1976 -- JR

I feel like part of the vanishing breed that thinks a writer should be read and not heard, let alone seen. I think this is because there seems so often today to be a tendency to put the person in the place of his or her work, to turn the creative artist into a performing one, to find what a writer says about writing somehow more valid, or more real, than the writing itself.
Although his reclusive behavior did not quite reach the Pynchon level, William Gaddis gave few interviews and left so little personal material behind that, twelve years after his death, no full-length biography has appeared. The comments above, from Gaddis’s 1976 NBA acceptance speech, add an unfortunate level of irony to the missing author portrait, for his novels have all but disappeared along with him. Although too long, difficult and postmodern to ever be a popular success, they have enjoyed significant critical praise — more recently from Jonathan Franzen, his essay titled, “Mr. Difficult: William Gaddis and the Problem of Hard-to-Read Books.” But a quarter-century has passed since Cynthia Ozick judged Gaddis’s The Recognitions “the most overlooked important work of the last several literary generations,” and he remains, in her words, “famous for not being famous enough.”

April 19: "What you see first, after the starting gun's crack, is a column of bobbing runners, thousands of them, surging downhill..."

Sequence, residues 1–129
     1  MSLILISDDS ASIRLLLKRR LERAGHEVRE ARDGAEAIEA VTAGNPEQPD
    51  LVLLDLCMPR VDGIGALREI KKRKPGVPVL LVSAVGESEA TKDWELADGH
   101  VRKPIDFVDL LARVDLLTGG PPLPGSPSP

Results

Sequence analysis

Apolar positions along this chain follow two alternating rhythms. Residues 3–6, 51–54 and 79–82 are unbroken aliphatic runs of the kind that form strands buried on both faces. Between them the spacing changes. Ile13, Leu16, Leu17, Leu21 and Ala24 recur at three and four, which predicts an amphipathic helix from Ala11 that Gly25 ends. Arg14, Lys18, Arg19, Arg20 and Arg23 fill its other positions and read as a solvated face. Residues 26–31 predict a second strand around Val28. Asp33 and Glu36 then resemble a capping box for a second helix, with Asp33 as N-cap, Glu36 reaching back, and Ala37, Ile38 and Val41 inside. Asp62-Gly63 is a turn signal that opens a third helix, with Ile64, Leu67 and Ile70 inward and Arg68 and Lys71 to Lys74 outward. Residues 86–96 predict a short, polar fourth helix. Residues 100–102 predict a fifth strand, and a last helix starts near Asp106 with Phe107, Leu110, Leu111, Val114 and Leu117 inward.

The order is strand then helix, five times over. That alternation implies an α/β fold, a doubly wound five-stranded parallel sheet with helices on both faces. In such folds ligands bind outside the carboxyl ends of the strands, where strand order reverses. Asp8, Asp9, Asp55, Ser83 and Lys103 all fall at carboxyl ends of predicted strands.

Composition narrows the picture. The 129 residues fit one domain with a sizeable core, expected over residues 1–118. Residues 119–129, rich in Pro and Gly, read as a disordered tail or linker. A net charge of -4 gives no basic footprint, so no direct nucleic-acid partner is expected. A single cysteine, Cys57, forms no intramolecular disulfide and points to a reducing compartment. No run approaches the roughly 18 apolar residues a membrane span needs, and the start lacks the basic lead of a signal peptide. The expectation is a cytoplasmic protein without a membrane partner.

Donna Tartt's The Goldfinch is the winner of the 2014 Pulitzer Prize for Fiction. James Parker calls this Dickensian coming-of-age novel "an enveloping…

Books, CDs, DVDs to know about now
Poems That Make Grown Men Cry

And women too.  Luminaries from Colin Firth to Nick Cave and Jonathan Franzen chose the poems that bring them to tears, and the result is a stunning collection of poignant verse from writers like Auden, Whitman, Bishop, Larkin, Neruda and many others.  Warning: choking-up hazard.

The King of Pain

Trapped beneath his entertainment system, reality TV mastermind Rick Salter reflects on his life and tries to piece together the events of the previous evening. Seth Kaufman’s romp is an outrageous meditation on pain and entertainment in a deranged world in which the two are often interchangeable.

The Good Inn

Frank Black, frontman for the Pixies, has written a transgressive historical fiction with shades of Thomas Pynchon (focused as it is on the history of explosives and cinematic pornography), all set in a hallucinatory Edwardian Europe.